What of art in this plague year? With our isolation compounded by unprecedented political polarization, is there any hope of exploring the commonality of shared experience through art? As many of us head into our lockdown again, we are all too aware that the implementation of “social distancing” has produced a transformation in our society, unprecedented within our lifetimes; how might art reflect on such processes?
Consider the term “social distancing.” This peculiar phrase is currently being used to refer to physical separation between individuals in order to reduce exposure to viruses, but prior to this year it had a long history in sociology, referring to social separation among individuals and groups. Like many sociological concepts, social distancing originates with the foundational writings of sociologist Georg Simmel. In his 1903 “The Metropolis and Mental Life,” Simmel describes the growing distance between individuals as a consequence of modernization and the spatial condition of the city:
This mental attitude of metropolitans toward one another we may designate, from a formal point of view, as reserve. If so many inner reactions were responses to the continuous external contacts with innumerable people as are those in the small town, where one knows almost everybody one meets and where one has a positive relation to almost everyone, one would be completely atomized internally and come to an unimaginable psychic state.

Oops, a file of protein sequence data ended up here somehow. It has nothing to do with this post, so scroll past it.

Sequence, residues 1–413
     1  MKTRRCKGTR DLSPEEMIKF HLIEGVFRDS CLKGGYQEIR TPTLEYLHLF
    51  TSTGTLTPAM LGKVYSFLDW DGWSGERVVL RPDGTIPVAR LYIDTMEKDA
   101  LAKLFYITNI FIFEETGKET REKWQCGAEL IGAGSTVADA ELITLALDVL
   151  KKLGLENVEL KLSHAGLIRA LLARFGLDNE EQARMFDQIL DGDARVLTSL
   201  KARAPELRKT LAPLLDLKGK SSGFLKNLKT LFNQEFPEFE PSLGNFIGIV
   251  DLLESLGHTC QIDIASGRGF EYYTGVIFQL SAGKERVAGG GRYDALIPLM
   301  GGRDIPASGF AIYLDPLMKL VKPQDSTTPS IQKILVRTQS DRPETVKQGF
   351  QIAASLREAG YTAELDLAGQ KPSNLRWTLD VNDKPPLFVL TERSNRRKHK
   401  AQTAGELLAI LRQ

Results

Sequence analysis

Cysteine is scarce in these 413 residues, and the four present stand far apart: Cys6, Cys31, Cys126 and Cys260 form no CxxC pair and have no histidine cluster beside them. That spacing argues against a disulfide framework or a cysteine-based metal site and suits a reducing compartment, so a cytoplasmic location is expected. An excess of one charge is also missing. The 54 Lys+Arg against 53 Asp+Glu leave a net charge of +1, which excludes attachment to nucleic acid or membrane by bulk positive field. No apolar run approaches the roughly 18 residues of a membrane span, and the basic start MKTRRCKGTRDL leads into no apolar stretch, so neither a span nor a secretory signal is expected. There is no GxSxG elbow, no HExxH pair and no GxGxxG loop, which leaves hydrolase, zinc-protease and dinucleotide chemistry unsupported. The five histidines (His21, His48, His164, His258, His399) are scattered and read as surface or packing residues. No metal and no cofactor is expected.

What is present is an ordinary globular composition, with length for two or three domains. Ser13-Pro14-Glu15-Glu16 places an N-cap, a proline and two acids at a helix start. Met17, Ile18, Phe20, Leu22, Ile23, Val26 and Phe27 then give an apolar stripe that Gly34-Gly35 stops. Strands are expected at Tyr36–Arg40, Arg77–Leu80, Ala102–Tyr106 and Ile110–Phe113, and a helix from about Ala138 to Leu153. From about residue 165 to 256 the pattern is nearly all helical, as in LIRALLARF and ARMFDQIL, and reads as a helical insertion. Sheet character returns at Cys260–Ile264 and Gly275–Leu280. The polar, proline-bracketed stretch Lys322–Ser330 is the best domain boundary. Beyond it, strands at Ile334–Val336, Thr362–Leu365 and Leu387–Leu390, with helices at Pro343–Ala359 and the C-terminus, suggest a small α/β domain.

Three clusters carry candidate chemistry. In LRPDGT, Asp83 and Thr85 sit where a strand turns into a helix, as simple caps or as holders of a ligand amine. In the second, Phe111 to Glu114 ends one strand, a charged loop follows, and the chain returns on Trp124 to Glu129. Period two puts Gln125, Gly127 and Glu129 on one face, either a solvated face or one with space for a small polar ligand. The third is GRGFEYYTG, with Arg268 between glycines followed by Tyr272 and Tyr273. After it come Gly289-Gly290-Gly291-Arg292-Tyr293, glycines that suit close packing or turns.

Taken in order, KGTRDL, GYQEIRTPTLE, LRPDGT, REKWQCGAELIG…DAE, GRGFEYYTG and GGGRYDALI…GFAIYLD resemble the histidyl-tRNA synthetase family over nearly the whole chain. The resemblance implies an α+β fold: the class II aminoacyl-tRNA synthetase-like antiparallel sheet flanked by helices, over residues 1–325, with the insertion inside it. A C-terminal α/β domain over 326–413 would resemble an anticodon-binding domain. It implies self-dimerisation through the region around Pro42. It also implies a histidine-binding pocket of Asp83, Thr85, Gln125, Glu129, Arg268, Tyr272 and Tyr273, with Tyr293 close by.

Social distance, then, develops when physical distance is not possible and serves as a means of protecting the psyche. Nor is it done alone. On the contrary, social distance is frequently experienced communally: modern individuals flock with others of their kind and, in doing so, experience distance from those outside the group, those that they perceive as unlike themselves. For Simmel, the stranger is both near and far from us: close enough to provoke anxiety yet isolated and therefore unknown. Hence, this sociological explanation would lead us to understand racism as a product of social distance. Racism, it follows, is not so much a prejudiced encounter with individuals at distant remove, but rather a violent misperception of individuals in close proximity. The increasing polarization of American politics between the “woke folx” and the “deplorables” is further evidence of this, with both groups existing as a defense against a dangerous Other while providing a mechanism for reinforcing their member’s shattered identities. With the dominance of contemporary life by social media, the wounded self becomes a reposting machine for social media outrages as a means for the self to affirming its identity and existence through repetition, much as in a liturgical response. But being based entirely on the external threat of an Othered group, the result is a malfunction of social distance as psychic defense. Not only does political discourse grind to a halt, the self fails to develop as an individual. Facing increasing reliance on social media for human connection leads us toward a feedback loop of dopaminergic rewards for positive social stimuli and, like a chimpanzee in a lab cage punching buttons for cocaine-laced biscuits, we are led closer toward the “unimaginable psychic state” of the completely atomized dividual.